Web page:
When G‑d told Moshe to relay various mitzvos to the Jewish people, He used the expressions: “speak to the children of Israel,” “say to the children of Israel” or “command the children of Israel.”1

All commandments, even those conveyed with the expressions “speak” or “say,” are termed mitzvos , rooted in the word tzavei — “command.” Thus, all are considered commands and decrees. Nevertheless, the use of the expression “command” concerning specific mitzvos indicates that the idea of command plays a larger role with these than it does with mitzvos introduced with the terms “speak” or “say.”

This is why our Sages state in Toras Kohanim , at the beginning of the Torah portion of Tzav (“Command”), that “command” indicates an “urging on with alacrity, both now as well as for coming generations.”

Chassidus explains2 that the word mitzvah — commandment — derives from the expression tzavsa v’chibur, “cleaving and attachment,” for the underlying purpose of all mitzvos is that through them one becomes bound and “attached” to G‑d.

We thus understand that although binding and attachment applies to all mitzvos , a greater degree of attachment is achieved through those mitzvos relayed to us with the expression “tzav — command,” for this expression more clearly indicates attachment.

The difference between “speak,” “say,” and “command” is that when one is merely spoken to, or is merely told to do something, he is entirely free to do as he wishes. This is not the case when one is commanded to do something. The issuing of a command presupposes that the one doing the commanding has some degree of dominance over the individual being commanded. For example, an army officer can command a subordinate; he cannot issue commands to one of the same rank as himself — he can “speak” to him, but cannot “command” him.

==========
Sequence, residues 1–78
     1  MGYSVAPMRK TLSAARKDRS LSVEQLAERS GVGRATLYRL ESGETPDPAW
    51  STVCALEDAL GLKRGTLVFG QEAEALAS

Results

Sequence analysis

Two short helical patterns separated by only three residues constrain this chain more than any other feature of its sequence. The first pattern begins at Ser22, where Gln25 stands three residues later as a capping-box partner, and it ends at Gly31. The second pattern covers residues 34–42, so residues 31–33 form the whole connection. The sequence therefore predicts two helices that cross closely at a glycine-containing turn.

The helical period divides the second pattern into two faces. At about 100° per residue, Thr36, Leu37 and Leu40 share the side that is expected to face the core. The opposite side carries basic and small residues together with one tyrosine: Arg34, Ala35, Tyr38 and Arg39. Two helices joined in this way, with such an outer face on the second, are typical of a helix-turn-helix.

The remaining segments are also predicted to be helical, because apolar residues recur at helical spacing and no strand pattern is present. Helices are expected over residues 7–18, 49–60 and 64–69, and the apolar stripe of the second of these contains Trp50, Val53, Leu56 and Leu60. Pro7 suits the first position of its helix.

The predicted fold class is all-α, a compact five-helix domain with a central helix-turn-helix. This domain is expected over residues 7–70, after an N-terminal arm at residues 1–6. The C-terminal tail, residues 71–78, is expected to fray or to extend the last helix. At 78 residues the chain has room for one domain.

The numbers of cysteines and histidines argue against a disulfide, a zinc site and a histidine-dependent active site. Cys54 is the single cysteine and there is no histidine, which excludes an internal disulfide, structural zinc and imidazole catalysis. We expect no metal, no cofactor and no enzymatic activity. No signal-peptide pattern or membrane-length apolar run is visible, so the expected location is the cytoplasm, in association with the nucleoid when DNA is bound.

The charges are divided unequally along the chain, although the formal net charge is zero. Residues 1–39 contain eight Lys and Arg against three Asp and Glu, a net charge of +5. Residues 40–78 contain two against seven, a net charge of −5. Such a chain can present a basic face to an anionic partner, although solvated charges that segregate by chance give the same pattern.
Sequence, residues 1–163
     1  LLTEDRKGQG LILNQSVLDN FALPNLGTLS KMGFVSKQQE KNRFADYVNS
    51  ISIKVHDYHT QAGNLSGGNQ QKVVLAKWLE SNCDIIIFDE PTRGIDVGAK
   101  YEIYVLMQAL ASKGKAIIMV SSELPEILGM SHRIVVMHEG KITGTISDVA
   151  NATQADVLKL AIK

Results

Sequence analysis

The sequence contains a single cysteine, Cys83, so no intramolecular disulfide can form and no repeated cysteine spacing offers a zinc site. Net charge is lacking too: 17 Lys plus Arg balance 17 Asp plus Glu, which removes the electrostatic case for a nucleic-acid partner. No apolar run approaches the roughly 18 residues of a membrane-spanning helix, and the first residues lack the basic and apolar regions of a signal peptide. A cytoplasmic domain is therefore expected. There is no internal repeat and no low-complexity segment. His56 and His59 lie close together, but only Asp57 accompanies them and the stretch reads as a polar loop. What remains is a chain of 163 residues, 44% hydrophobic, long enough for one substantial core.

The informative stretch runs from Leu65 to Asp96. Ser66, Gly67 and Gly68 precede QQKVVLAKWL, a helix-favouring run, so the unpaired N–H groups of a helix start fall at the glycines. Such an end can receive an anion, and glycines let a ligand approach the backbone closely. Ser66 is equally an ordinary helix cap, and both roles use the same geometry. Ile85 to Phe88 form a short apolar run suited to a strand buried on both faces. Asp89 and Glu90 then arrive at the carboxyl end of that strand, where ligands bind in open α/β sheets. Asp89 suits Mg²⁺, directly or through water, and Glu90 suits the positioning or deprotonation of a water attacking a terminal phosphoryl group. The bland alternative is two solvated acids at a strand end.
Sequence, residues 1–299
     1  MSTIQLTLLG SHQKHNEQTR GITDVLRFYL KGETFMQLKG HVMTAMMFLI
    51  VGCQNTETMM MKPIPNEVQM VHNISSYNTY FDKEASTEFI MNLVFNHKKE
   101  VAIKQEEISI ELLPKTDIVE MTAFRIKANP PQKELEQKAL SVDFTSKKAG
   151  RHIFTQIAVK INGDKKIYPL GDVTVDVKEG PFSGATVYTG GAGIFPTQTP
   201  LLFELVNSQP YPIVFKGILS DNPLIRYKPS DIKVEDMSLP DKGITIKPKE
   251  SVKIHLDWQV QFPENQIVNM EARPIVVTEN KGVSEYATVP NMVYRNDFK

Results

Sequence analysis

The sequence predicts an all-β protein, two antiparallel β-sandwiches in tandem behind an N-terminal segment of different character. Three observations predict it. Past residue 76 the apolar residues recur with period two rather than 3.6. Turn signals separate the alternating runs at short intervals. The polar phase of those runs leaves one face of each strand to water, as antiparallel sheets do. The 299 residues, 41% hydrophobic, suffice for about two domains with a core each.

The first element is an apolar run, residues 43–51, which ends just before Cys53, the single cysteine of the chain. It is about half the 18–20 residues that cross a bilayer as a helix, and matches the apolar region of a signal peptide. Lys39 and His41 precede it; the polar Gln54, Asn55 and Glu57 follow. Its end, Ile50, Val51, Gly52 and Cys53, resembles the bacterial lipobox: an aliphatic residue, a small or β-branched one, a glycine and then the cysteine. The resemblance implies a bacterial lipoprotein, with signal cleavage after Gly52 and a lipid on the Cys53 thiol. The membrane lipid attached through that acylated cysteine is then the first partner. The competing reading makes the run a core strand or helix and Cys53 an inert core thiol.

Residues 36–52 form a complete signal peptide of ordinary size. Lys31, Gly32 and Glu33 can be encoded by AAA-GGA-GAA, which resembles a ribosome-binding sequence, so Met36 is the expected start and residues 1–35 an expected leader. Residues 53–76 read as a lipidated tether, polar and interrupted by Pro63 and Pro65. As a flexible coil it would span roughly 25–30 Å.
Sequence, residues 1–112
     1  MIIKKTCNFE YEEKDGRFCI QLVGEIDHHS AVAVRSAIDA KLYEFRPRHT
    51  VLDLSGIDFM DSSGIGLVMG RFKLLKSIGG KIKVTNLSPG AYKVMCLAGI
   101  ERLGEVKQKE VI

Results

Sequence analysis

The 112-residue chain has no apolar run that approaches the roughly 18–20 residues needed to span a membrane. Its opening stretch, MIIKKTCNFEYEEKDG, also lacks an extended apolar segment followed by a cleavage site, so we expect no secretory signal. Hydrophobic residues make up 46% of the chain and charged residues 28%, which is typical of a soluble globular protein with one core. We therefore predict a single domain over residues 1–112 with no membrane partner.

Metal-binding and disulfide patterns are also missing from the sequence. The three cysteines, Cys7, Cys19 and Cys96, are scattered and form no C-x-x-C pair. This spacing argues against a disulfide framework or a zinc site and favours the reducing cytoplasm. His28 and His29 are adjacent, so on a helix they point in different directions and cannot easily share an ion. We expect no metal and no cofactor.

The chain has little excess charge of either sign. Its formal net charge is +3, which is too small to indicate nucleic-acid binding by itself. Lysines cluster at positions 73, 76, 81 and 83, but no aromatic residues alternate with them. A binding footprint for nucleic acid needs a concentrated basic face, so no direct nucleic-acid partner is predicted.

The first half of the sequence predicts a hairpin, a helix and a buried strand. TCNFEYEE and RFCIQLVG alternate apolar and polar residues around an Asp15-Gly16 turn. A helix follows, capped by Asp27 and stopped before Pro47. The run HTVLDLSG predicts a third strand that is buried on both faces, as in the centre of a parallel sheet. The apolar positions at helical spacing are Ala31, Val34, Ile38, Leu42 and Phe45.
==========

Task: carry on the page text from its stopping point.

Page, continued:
Thus, a person is less free to ignore mitzvos conveyed with the term “command” than he is to ignore those relayed with the words “speak” or “say”; in the former instance, it is as if the person were coerced to obey.

Accordingly, “speak” and “say” mitzvos — obedience to which is left up to the hearer — accomplish most of their “cleaving and attachment” when a Jew actually fulfills them.

Not so with mitzvos conveyed with the word “command”: Since there is a greater certainty that the person will fulfill them, their “cleaving and attachment” is fully accomplished at the moment the command is issued.

While “command” mitzvos achieve “cleaving and attachment” at an earlier stage than do other mitzvos , all mitzvos accomplish this sooner or later. How so?

The previous Lubavitcher Rebbe offers the following parable:3 An intellectual giant whose whole life revolves around knowledge will ignore a person who has nothing to do with matters of intellect — the simpleton is not negated; he simply does not exist in the genius’s world. The simpleton, too, will feel himself to be nonexistent in comparison to the prodigy.

However, when the wise man commands the simple one to do something for him, suddenly the simple person exists to the wise man. As well, the simple person becomes aware of his own importance.

Based on Likkutei Sichos Vol. VII pp. 30-34.